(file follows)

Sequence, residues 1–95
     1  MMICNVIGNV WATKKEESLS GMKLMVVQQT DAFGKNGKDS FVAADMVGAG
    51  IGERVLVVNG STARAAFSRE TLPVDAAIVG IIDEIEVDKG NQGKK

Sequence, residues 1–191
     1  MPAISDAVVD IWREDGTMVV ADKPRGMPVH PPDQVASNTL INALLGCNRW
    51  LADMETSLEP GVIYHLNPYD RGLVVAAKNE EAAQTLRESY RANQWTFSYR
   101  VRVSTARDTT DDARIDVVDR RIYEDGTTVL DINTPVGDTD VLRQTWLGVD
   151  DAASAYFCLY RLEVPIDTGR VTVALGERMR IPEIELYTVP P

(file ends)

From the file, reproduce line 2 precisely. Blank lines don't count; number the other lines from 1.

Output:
     1  MMICNVIGNV WATKKEESLS GMKLMVVQQT DAFGKNGKDS FVAADMVGAG